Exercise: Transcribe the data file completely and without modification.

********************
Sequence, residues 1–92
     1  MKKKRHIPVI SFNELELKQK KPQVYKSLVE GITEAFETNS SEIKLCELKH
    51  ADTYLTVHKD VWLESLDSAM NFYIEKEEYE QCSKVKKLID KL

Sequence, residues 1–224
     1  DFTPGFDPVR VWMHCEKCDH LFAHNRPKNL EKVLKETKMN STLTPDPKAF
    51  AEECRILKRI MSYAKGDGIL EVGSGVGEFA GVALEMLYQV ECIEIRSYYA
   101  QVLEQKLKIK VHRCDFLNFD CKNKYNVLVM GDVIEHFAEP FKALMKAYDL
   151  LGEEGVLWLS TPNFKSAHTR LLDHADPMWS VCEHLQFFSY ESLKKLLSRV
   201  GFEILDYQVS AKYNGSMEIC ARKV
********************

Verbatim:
Sequence, residues 1–92
     1  MKKKRHIPVI SFNELELKQK KPQVYKSLVE GITEAFETNS SEIKLCELKH
    51  ADTYLTVHKD VWLESLDSAM NFYIEKEEYE QCSKVKKLID KL

Sequence, residues 1–224
     1  DFTPGFDPVR VWMHCEKCDH LFAHNRPKNL EKVLKETKMN STLTPDPKAF
    51  AEECRILKRI MSYAKGDGIL EVGSGVGEFA GVALEMLYQV ECIEIRSYYA
   101  QVLEQKLKIK VHRCDFLNFD CKNKYNVLVM GDVIEHFAEP FKALMKAYDL
   151  LGEEGVLWLS TPNFKSAHTR LLDHADPMWS VCEHLQFFSY ESLKKLLSRV
   201  GFEILDYQVS AKYNGSMEIC ARKV